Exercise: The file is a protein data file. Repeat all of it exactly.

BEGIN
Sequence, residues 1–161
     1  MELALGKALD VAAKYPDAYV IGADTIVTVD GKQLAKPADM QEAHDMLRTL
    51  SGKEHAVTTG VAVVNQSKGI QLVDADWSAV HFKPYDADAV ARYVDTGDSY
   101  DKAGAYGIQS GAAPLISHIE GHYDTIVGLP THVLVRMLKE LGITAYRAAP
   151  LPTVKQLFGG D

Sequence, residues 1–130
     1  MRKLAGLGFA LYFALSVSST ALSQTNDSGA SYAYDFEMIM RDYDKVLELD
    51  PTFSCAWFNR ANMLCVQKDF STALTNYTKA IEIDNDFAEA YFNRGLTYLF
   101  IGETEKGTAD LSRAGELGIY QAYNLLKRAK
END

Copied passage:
Sequence, residues 1–161
     1  MELALGKALD VAAKYPDAYV IGADTIVTVD GKQLAKPADM QEAHDMLRTL
    51  SGKEHAVTTG VAVVNQSKGI QLVDADWSAV HFKPYDADAV ARYVDTGDSY
   101  DKAGAYGIQS GAAPLISHIE GHYDTIVGLP THVLVRMLKE LGITAYRAAP
   151  LPTVKQLFGG D

Sequence, residues 1–130
     1  MRKLAGLGFA LYFALSVSST ALSQTNDSGA SYAYDFEMIM RDYDKVLELD
    51  PTFSCAWFNR ANMLCVQKDF STALTNYTKA IEIDNDFAEA YFNRGLTYLF
   101  IGETEKGTAD LSRAGELGIY QAYNLLKRAK